Carotid artery disease. Neurosurgical treatment. 5

Carotid artery disease. Neurosurgical treatment. 5

Carotid artery disease. Neurosurgical treatment. 5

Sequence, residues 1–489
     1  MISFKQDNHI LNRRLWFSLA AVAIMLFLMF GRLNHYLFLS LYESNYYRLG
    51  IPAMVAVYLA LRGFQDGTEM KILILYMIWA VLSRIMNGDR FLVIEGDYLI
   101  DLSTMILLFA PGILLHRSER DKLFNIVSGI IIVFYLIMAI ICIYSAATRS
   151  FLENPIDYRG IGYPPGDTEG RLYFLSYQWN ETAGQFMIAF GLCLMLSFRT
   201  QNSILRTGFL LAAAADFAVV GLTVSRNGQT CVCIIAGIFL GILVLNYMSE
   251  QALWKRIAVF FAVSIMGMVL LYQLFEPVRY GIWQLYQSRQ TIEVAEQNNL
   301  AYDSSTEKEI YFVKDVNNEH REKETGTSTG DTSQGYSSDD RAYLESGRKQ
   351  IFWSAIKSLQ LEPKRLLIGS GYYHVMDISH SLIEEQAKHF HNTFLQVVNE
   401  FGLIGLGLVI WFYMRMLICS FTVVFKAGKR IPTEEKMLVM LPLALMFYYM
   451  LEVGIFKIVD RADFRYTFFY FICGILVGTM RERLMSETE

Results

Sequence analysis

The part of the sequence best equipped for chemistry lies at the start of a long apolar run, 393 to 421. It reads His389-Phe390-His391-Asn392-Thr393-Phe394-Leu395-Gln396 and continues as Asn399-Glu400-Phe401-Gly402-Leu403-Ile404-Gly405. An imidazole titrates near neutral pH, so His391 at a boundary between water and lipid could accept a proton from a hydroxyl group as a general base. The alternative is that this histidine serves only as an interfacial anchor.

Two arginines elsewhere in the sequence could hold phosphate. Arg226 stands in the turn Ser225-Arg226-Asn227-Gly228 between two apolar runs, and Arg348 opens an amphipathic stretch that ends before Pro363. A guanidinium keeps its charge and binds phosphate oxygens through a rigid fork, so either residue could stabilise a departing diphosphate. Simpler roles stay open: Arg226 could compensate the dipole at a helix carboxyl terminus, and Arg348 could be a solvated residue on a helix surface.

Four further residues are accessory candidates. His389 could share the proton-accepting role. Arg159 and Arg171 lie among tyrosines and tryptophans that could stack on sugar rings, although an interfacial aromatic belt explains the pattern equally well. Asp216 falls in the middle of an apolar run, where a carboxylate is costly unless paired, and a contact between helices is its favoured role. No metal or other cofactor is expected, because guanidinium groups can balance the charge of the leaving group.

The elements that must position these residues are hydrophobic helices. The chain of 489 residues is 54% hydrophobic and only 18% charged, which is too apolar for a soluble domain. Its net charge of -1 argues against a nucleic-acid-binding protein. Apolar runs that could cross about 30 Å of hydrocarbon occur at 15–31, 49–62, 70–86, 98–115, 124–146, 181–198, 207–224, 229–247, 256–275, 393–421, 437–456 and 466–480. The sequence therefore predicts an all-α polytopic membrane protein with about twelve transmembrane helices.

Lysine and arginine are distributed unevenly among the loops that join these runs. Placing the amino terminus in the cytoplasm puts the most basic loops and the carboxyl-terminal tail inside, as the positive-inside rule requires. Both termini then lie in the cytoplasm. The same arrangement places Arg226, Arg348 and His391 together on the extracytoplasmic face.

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You frequently deal with and specialize in is carotid artery occlusive disease. Dr. P. Roc Chen, MD. What happens in such situation is a build-up of atherosclerotic plaque at the bifurcation of carotid artery or other segments, and then eventually, at some point, it restricts the normal blood flow to the carotid artery and to the brain, and also there is a risk that some fragments of atherosclerotic plaque will rupture, travel to the brain vessels, and cause a stroke by lodging in one of the small arteries of the brain. How do you approach carotid artery occlusive disease? What are the nuances from your practice for such patients? Carotid disease is probably the best studied cerebrovascular disease in the entire neurosurgery field. And we know that open surgery, so-called carotid endarterectomy, meaning that when you have a plaque in the carotid artery beyond certain percentage, typically saying that beyond 70% occlusion, asymptomatic or symptomatic. Many patients had recent stroke or recent transient ischemic attack, TIA. Patients with even 60% carotid stenosis will benefit from the surgical treatment. Plaque in carotid artery will break and create some fragments. They break off, causing distal brain vessel ischemic stroke by blocking the artery. Surgery is well known to reduce risk in two years, about 26% of reduction of stroke risk compared to medical treatment. Obviously, the study was done in 90s. However, these days the endovascular technique - balloon angioplasty and stenting - also provides a great result and long-term results, in fact, many clinical trials showed one consistent thing: Long-term, open surgery and endovascular treatment results are quite similar. The recurrence rate is similar, about 5% risk in the long run. A little bit more debate still remains about How to choose patients to do endovascular treatment versus open surgery? As I mentioned before, we try to assess patients individually. At the same time, I do think that general guideline is - at this point, high surgical risk patients - and that's been studied quite well now - patients with high surgical risk do benefit from endovascular treatment, particularly if they had carotid endarterectomy and stenosis recurred at same side, where surgery was done previously. If patients had a radiation to the neck for whatever reason - had cancer in the neck had a radiation, and later developed carotid stenosis. Endovascular carotid stenting is beneficial for those patients, while surgery is much more troublesome for them. If patients after surgery had some nerve palsy and the vocal cord dysfunction, or have a poor cardiac function, endovascular stenting is also better. We must make sure these patients are able to survive for a long time, but at the same time they have relatively poor function and could not necessarily tolerate the anesthesia quite well. Extremely obese patients also benefit from endovascular approach. In addition to those indications, endovascular methods work well for tandem lesions, meaning a stenosis in the neck artery and also a narrowing in the brain part of a vessel. In that scenario, open surgery can only fix one narrowing at the same time. But if you do endovascular procedure - stenting and balloon angioplasty - often you can fix them both. So, these are general guidelines and perspective on how to approach carotid artery disease treatment. But I do think that each individual patient should be analyzed, assessed by the surgeon and multidisciplinary team to get the best treatment option for the patient.

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